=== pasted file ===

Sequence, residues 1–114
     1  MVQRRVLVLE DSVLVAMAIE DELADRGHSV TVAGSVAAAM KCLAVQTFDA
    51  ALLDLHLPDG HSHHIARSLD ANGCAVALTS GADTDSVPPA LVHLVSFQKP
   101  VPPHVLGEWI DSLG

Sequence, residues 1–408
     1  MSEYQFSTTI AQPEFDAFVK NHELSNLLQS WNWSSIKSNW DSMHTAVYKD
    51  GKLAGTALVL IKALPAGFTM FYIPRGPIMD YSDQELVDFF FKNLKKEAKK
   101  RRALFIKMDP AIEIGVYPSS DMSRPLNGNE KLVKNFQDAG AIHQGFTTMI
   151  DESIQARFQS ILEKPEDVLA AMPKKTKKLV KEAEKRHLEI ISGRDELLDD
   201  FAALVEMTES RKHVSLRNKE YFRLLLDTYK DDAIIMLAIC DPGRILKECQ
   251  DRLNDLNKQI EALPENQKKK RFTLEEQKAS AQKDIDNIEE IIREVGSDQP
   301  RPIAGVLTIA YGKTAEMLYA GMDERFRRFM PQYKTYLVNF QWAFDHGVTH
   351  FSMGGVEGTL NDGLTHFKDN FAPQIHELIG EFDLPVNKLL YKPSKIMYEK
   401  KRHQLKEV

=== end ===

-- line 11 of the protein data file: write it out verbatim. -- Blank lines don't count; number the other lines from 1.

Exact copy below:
   251  DRLNDLNKQI EALPENQKKK RFTLEEQKAS AQKDIDNIEE IIREVGSDQP